Taking a lead strategy approach to resource planning is focused on gaining an edge over market competitors since your organization already has additional capacity in anticipation of high demand. Your maximum capacity is high, and your production capabilities are ready to be employed. All you need now is the customers!

However, the risk with this workforce capacity planning strategy is that you have excess capacity sitting idle while waiting for demand to rise as forecasted.

Not only does this draw on your budget in the short term, but if the increased demand does not materialize, you may regret your decision to hire more staff.

Match strategy

The last of the three capacity planning strategies is the match strategy. This dynamic strategy involves steadily adding to your current production capacity to ‘match’ the demand that’s coming in.

Let’s use the same example of having 10 graphic designers on staff. As you start negotiating a new contract, you also start recruiting and onboarding one or two additional designers to meet the additional design capacity requirements. You’re ready for the consumer demand to surge, but you aren’t depleting your budget for the demand that hasn’t materialized.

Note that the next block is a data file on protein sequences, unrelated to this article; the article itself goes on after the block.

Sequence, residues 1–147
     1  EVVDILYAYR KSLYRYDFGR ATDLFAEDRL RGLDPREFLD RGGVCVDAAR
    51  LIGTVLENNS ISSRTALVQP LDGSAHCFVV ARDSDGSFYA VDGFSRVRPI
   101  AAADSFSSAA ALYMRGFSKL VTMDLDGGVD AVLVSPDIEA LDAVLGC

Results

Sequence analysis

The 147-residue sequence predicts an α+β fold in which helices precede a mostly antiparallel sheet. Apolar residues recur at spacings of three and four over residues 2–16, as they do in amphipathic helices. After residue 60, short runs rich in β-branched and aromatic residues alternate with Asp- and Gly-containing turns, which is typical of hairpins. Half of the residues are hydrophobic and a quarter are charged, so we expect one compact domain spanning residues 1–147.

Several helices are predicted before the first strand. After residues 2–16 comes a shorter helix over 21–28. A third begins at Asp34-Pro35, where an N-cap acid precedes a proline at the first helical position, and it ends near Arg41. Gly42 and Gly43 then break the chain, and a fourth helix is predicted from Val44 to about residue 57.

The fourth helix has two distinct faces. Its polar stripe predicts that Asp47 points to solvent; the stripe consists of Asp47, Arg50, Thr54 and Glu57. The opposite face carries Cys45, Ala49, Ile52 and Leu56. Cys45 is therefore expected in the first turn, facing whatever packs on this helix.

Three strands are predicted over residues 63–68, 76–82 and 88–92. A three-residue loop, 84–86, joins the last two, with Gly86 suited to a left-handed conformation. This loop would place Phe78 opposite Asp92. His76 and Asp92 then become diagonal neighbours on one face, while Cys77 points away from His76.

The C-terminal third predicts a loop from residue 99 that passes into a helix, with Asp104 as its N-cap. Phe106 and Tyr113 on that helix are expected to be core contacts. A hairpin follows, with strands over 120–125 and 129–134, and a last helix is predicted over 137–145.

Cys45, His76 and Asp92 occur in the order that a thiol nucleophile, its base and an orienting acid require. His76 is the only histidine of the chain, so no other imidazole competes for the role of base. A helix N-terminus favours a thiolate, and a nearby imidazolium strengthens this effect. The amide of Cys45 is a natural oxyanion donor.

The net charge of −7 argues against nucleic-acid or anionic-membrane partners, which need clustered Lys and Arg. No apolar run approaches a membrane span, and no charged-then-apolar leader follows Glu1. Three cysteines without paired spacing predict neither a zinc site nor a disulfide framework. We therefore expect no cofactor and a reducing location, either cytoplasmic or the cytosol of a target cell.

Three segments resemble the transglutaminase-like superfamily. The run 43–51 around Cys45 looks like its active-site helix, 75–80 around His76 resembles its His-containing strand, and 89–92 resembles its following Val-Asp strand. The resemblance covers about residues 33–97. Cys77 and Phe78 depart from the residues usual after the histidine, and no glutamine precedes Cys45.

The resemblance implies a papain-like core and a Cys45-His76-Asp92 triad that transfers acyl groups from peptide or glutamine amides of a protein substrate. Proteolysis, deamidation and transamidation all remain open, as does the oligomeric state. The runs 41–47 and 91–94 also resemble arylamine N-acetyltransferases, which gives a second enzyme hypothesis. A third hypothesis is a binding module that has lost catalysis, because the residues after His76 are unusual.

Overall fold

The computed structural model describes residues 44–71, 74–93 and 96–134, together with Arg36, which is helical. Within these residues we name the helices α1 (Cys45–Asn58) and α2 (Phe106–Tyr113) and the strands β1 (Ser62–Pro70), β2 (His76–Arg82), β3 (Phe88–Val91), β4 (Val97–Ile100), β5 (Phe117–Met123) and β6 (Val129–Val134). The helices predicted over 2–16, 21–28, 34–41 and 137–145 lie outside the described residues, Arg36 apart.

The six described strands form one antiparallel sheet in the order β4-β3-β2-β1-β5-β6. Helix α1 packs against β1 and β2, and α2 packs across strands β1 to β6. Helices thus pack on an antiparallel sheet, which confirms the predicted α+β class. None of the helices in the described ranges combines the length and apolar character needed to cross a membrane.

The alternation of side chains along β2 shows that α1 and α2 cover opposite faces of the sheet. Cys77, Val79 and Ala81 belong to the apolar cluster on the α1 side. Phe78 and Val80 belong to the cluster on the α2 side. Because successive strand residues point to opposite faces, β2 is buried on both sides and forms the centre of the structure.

The match strategy is the most used by organizations during capacity management because it is less risky than the lead strategy and has a more prepared resource capacity than the lag strategy.

By monitoring market trends, establishing an adjustment strategy, and keeping track of actual versus forecasted needs, your agency can meet anticipated demand while optimizing resource utilization.

Your agency is stronger with capacity planning!

Capacity planning is key to taking control of your agency’s productivity and efficiency. Capacity planning tools help you strategize with ease and clarity, so you can see how to use your available resources, and how and when to increase capacity. They allow you to identify and mitigate capacity constraints, improve supply chain and resource management, and fulfill deliverables within the scheduled timeframe and budget.

A strong and reliable capacity planning platform like Runn gives you a clear overview of your resources as well as granular details while providing you with accurate resource forecasts, team utilization reports, and capacity needs forecasting. With insights from the right tool, capacity planning decisions can be straightforward, and allow you to lead your team to maximum efficiency.